The death toll from the 5.8-magnitude earthquake in Italy on Tuesday continues to rise, as officials announced late Wednesday that the body of another victim had been found. The official toll stands at 17 dead, with more expected as workers continue to sift through the rubble of collapsed buildings, according to a report by CNN.
Reuters has reported that the Italian government plans to raise the excise duties on fuel in order to help pay for earthquake relief for the survivors of Tuesday's tremor, the second major earthquake in the northern part of the country in as many weeks. It has also decided that spending limitations imposed by the nation's austerity planning should be loosened for the region as it attempts to recover.
Here are some of the key details to have emerged in the aftermath of Tuesday's earthquake.
* Prosecutors in the province of Modena have launched an official investigation as to the construction methods and materials used in building the local factories. The majority of the bodies discovered so far have been those of factory workers, who were at their posts when the second earthquake on Tuesday collapsed the structures.
* The factories in question were of more recent construction, and should have withstood an earthquake of the magnitude experienced in the region on Tuesday, according to the prosecutors. Most of the rest of the structures in the town of Medolla that were of the same relative age as the collapsed buildings are reportedly still standing.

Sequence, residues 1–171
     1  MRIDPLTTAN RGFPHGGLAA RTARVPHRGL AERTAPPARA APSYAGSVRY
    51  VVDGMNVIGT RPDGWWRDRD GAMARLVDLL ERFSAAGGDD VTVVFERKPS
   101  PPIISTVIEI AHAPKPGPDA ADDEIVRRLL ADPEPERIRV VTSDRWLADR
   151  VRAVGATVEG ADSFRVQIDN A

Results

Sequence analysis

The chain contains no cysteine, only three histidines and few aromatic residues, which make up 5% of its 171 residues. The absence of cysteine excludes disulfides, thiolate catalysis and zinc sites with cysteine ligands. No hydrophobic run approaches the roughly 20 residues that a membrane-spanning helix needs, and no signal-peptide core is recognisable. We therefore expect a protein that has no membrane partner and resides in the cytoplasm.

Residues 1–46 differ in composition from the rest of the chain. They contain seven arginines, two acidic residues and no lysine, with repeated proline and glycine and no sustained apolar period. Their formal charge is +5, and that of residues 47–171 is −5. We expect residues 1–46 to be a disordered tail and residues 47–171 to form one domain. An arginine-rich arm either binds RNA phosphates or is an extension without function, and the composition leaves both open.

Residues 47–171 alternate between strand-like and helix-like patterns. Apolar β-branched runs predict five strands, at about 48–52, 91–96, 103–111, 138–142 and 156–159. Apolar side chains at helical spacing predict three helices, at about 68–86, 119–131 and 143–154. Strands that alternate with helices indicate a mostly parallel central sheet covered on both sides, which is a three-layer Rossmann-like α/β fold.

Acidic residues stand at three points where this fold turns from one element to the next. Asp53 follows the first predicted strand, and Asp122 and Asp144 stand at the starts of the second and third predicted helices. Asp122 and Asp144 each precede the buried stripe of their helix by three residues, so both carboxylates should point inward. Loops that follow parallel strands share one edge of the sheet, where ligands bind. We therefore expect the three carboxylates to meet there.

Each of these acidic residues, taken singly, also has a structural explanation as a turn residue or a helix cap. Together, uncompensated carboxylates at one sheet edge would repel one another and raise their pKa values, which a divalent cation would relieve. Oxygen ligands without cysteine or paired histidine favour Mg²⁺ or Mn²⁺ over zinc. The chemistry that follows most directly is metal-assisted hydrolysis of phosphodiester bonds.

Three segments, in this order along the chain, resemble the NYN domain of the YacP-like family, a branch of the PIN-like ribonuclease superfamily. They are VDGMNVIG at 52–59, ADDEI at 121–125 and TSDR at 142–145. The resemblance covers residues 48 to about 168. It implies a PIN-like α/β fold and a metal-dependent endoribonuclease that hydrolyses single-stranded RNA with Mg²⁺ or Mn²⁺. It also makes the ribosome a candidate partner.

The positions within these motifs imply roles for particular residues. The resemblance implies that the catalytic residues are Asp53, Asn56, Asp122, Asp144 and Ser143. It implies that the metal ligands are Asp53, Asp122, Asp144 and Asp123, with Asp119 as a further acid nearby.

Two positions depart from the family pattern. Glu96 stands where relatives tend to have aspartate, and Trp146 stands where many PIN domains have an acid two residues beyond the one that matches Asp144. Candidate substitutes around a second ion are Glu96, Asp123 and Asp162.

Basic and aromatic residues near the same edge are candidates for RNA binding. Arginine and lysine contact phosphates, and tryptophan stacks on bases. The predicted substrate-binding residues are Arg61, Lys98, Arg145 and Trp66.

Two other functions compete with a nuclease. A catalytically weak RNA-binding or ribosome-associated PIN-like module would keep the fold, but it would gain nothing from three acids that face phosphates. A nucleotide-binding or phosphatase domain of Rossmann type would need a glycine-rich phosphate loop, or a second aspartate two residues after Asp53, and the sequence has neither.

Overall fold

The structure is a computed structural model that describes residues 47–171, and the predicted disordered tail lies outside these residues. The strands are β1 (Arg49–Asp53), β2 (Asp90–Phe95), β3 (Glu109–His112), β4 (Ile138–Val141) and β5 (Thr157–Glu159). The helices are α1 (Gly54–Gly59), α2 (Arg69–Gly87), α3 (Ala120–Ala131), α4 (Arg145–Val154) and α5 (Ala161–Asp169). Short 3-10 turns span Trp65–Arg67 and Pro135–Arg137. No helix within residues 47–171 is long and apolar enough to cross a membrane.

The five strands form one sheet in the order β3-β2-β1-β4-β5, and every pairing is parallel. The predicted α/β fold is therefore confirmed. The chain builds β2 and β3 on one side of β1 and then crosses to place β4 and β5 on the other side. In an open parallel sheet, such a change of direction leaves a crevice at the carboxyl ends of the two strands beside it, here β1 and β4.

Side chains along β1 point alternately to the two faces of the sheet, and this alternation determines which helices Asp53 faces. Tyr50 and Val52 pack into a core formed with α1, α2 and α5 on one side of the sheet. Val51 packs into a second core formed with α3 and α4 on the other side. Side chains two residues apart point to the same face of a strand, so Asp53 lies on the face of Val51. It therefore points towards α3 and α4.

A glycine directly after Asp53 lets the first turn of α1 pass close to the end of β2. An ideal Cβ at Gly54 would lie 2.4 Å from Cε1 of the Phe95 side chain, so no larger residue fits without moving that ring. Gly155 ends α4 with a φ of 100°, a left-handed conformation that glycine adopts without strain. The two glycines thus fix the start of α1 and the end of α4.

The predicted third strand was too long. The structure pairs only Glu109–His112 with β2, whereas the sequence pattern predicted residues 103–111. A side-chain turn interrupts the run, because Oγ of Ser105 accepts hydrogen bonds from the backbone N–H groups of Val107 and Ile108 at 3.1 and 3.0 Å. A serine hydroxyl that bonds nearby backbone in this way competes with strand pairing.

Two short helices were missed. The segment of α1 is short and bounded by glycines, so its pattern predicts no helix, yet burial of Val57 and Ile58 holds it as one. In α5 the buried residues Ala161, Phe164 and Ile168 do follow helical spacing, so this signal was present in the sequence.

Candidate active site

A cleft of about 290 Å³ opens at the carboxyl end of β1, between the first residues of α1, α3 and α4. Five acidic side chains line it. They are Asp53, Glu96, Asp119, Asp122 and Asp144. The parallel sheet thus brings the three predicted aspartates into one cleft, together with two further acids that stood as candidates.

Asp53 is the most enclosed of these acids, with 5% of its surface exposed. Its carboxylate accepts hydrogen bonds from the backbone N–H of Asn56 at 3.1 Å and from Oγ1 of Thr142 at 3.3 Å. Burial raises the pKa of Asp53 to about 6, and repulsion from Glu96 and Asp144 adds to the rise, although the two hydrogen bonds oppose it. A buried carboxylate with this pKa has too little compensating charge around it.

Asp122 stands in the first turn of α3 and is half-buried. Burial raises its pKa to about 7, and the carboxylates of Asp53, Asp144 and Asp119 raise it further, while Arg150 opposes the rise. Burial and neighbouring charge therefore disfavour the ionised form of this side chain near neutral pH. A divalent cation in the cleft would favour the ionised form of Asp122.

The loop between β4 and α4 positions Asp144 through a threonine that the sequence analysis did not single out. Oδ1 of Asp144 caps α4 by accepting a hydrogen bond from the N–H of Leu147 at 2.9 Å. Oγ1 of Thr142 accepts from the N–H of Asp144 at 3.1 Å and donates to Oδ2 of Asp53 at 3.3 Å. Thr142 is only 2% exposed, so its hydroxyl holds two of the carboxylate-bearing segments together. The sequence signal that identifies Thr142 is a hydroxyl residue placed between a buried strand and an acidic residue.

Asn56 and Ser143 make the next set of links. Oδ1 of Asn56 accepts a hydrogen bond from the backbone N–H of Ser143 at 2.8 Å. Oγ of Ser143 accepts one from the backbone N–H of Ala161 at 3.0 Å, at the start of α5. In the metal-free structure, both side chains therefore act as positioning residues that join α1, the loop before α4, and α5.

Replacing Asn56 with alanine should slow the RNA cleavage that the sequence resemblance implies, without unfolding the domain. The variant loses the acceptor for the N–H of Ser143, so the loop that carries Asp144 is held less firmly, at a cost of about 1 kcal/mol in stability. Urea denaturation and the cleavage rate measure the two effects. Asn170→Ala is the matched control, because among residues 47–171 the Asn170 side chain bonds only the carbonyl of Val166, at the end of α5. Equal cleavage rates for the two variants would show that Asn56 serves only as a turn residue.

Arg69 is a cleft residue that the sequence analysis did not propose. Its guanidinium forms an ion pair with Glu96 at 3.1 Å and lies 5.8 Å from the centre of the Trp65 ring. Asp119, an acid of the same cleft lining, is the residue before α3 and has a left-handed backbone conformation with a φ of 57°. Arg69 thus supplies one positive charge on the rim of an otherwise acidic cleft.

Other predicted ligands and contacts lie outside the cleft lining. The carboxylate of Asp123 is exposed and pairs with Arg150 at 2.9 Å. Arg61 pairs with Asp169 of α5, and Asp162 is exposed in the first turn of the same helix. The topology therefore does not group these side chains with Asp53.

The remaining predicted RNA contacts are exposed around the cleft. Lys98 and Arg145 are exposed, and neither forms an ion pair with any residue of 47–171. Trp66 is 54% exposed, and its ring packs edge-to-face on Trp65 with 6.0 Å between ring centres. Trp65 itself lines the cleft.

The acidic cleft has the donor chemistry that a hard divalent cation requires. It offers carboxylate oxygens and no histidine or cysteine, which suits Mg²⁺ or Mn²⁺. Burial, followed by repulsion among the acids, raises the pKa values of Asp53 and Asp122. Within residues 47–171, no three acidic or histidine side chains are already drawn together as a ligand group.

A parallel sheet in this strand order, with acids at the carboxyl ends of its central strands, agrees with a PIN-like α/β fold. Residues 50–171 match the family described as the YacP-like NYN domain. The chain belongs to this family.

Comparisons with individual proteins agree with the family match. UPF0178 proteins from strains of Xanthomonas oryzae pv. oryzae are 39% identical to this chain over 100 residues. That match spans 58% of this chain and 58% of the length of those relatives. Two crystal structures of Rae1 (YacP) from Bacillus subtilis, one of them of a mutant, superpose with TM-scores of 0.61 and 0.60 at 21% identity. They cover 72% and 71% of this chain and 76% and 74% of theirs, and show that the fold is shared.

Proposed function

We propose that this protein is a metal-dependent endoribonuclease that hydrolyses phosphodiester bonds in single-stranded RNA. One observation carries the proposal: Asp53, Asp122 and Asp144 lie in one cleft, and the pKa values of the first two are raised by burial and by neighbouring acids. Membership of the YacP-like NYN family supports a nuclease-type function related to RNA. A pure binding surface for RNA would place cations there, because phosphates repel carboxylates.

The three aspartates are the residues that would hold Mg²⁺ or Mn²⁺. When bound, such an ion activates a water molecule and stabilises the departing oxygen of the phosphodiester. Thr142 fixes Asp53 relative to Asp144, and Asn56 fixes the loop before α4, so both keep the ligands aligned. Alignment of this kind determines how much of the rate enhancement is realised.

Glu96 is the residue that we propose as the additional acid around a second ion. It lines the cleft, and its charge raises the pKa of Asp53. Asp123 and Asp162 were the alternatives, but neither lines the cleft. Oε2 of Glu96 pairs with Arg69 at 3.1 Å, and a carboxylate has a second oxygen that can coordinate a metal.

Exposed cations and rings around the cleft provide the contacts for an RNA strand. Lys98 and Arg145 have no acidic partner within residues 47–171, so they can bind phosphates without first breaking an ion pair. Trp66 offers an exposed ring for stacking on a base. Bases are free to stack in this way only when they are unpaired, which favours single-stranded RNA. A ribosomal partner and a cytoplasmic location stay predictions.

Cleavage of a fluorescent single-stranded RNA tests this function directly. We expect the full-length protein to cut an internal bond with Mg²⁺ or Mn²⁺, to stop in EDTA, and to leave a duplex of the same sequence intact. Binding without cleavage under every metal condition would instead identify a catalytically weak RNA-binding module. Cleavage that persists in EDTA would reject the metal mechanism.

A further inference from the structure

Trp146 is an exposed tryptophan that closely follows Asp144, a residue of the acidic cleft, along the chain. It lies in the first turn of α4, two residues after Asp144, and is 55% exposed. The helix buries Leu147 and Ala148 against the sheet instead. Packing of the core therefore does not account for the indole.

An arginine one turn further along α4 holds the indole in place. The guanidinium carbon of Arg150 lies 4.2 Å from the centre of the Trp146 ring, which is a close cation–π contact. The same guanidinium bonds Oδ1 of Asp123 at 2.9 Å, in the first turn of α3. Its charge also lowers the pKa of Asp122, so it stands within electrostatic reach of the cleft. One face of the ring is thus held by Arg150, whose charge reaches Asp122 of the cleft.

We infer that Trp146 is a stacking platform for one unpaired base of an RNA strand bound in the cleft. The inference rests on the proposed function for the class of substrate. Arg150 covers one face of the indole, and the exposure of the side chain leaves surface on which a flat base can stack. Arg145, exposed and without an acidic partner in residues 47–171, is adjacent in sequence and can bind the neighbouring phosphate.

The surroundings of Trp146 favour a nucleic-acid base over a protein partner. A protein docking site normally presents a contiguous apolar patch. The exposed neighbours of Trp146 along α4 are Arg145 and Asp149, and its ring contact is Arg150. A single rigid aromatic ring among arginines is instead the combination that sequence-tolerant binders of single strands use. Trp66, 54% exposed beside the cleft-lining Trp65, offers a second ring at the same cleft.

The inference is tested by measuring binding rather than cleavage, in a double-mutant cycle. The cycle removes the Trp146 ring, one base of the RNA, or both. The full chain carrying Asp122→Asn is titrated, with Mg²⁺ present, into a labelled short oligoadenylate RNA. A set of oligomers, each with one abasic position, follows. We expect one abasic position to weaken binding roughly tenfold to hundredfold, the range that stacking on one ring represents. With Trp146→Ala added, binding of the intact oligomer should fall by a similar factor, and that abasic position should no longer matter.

* Approximately 14,000 people are now homeless in the region. Many are living in cars or tents, although relief workers have also been able to set up shelters to house some victims.
* The area where the quakes were centered, Emilia-Romagna, is a heavily industrial area, as well as rife with farms. Officials are estimating that the toll on the country's agriculture from the two quakes could reach as high as 500 million euros, according to Euronews.
* The biomedical industry is predicting losses as high as 600 million euros, while the cheese-making industry is projecting losses of around 70 million euros.
* Italy's Environment Minister Corrado Cini told Corriere della Sera on Wednesday that the nation needed to update its earthquake risk maps to account for the number of earthquakes happening in the northern part of the country. The area is currently listed as "low risk."
* Search and rescue efforts are due to continue in the region. The government has declared a national day of mourning for June 4.
Vanessa Evans is a musician, traveler, and freelance writer with an interest in European studies and events.
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